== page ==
Sonos Scores Legal Win Against Google in Ongoing Patent Dispute

A U.S. trade judge ruled that some of Google’s Pixel smartphones and Nest audio speakers infringe on the company’s technology.

WASHINGTON, D.C. — A judge has ruled that Google infringed on speaker-technology patents held by Sonos in a preliminary finding by the United States International Trade Commission (ITC).

In the ruling, which was released on Aug. 13, Chief Administrative Law Judge Charles Bullock said Google should not be allowed to import products that violate Sonos’s intellectual property.

The brief ruling did not explain why Google’s sale of the products violated a 1930 federal tariff law, known as Smoot-Hawley, designed to prevent unfair competition.

In January 2020, Sonos sued Google in federal court and in front of the ITC, a body that decides trade cases and can block the import of goods that violate patents. Google later filed a countersuit against Sonos, claiming that Sonos was infringing on its patents.

Santa Barbara, Calif.-based Sonos had asked the commission to block imports of Google Home smart speakers, the company’s Chromecast systems and its Pixel phones and computers. The Google line now includes a number of products now listed under the Nest banner. Those products are made in China and shipped to the U.S.

Now that Bullock has issued his ruling, the full commission will consider whether to accept or reverse his decision for a final ruling, which is scheduled to take place on Dec. 13. If an import ban is imposed, it would not take effect for 60 days.

Google has denied using Sonos technology. In press statement, Eddie Lazarus, Sonos’s chief legal officer, said, “This decision reaffirms the strength and breadth of our portfolio, marking a promising milestone in our long-term pursuit to defend our innovation against misappropriation by Big Tech monopolies.”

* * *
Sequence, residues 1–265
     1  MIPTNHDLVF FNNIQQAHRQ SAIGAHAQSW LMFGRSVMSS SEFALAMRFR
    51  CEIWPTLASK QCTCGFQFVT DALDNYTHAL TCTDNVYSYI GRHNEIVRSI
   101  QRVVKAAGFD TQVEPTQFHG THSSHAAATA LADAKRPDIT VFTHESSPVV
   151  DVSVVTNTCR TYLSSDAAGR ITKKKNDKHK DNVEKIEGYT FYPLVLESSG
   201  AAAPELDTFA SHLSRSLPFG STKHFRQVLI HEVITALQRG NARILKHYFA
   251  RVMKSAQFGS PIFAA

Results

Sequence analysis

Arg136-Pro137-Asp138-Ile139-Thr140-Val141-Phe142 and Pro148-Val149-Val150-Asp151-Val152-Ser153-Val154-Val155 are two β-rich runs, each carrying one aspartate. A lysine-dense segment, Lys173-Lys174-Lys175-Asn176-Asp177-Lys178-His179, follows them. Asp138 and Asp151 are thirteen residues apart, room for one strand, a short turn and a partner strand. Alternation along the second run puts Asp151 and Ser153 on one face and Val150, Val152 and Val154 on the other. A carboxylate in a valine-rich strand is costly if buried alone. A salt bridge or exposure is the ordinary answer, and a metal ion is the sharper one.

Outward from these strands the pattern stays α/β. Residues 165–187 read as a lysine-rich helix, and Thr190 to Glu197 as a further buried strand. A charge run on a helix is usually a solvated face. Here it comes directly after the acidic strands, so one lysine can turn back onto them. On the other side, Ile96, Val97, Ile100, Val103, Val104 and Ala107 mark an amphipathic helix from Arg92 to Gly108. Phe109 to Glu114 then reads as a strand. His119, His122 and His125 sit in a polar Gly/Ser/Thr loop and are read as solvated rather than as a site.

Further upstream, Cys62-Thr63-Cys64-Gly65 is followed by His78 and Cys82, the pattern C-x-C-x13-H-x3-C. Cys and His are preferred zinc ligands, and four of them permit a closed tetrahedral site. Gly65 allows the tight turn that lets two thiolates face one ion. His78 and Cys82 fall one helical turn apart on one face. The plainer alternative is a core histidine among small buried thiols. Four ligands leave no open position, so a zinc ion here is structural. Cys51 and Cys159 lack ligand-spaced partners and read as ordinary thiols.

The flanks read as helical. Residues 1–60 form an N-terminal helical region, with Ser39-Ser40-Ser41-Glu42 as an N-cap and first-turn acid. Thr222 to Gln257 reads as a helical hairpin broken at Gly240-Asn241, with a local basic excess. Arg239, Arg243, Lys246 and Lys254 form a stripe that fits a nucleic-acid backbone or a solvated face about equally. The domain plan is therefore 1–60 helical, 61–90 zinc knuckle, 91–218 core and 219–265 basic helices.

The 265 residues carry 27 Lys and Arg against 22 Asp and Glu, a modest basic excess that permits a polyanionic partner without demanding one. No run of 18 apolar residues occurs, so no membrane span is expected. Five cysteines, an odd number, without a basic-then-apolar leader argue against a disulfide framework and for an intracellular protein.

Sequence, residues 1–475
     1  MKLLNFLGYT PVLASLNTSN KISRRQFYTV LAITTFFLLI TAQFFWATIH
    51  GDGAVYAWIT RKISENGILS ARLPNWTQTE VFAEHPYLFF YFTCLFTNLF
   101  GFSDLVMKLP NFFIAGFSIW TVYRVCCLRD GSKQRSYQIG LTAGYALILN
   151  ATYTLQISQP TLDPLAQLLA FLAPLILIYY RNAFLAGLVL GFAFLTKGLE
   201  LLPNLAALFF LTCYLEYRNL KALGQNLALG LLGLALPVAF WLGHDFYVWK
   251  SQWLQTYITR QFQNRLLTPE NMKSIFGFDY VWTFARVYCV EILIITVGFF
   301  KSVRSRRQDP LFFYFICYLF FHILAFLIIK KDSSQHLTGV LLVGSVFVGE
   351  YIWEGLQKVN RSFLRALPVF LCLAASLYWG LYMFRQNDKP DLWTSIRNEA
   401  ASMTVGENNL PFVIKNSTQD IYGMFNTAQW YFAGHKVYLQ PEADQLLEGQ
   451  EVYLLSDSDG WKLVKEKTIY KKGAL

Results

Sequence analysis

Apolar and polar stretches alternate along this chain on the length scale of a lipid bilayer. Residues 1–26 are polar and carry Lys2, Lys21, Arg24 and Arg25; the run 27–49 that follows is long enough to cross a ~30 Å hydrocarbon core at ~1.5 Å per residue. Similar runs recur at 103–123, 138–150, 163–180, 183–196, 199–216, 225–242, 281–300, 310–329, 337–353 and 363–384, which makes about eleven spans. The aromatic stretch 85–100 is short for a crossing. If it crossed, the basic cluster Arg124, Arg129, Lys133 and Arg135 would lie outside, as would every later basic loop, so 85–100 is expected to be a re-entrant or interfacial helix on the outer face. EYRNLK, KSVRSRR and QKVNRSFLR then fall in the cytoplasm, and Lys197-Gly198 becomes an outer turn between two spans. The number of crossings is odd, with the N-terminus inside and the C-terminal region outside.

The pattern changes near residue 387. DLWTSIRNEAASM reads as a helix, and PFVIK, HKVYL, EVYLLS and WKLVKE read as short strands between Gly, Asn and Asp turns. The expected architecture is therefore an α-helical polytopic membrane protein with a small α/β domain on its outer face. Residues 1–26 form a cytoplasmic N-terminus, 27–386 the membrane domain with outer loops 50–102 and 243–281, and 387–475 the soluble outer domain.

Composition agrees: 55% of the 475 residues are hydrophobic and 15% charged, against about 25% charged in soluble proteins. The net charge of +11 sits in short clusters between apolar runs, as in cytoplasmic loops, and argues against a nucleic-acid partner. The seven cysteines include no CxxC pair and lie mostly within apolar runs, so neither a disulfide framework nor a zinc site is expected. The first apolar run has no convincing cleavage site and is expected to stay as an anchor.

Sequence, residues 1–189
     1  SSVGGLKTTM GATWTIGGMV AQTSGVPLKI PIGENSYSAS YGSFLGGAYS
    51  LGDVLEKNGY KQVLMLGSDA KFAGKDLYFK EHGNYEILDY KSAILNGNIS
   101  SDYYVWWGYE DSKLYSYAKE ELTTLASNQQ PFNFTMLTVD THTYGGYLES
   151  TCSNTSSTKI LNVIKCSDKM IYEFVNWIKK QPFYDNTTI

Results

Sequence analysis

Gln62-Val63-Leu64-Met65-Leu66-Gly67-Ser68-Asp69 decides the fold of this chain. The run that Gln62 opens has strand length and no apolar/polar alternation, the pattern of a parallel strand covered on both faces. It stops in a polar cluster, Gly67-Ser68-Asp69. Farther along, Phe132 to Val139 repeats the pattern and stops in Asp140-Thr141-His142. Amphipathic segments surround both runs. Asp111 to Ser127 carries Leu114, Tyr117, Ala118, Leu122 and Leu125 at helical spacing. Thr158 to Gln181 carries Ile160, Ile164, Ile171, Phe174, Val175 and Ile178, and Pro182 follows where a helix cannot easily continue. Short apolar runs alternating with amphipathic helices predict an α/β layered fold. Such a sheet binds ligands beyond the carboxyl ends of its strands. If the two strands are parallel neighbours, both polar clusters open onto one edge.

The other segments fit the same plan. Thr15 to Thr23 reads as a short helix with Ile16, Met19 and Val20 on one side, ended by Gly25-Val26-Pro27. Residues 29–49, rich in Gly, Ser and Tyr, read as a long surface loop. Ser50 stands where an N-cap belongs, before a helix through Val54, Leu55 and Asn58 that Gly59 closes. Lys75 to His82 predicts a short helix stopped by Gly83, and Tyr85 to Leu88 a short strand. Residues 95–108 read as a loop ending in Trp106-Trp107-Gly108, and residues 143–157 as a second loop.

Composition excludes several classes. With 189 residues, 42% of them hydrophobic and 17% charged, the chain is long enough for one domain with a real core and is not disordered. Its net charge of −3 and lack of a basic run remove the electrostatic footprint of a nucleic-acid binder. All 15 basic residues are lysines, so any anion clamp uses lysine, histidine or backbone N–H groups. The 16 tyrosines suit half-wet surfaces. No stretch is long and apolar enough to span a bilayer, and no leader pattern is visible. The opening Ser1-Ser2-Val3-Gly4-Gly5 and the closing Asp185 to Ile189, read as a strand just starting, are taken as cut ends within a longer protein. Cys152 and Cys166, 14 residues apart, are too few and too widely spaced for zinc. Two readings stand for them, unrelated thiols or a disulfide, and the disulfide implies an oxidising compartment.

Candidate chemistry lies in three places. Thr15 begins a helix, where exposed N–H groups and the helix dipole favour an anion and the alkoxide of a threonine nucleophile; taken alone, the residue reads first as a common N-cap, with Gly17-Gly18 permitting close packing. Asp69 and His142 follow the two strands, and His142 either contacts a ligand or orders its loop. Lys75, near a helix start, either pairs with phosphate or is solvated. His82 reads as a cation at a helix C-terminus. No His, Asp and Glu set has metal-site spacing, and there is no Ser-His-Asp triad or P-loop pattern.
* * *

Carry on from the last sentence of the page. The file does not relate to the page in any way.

Sonos has also accused Amazon of violating its patents, a charge that Amazon denies.

Sonos pioneered the market for home speakers that can be controlled by a smartphone and can synchronize music wirelessly between different speakers throughout the house. The company also offers speakers that use the Google Assistant software or Amazon’s Echo technology to control the device.

Sonos and Google also have patent disputes in California and Texas as well as France, Germany and the Netherlands.

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About the Author


Although Bosch’s name is quite familiar to those in the security industry, his previous experience has been in daily newspaper journalism. Prior to joining SECURITY SALES & INTEGRATION in 2006, he spent 15 years with the Los Angeles Times, where he performed a wide assortment of editorial responsibilities, including feature and metro department assignments as well as content producing for Bosch is a graduate of California State University, Fresno with a degree in Mass Communication & Journalism. In 2007, he successfully completed the National Burglar and Fire Alarm Association’s National Training School coursework to become a Certified Level I Alarm Technician.

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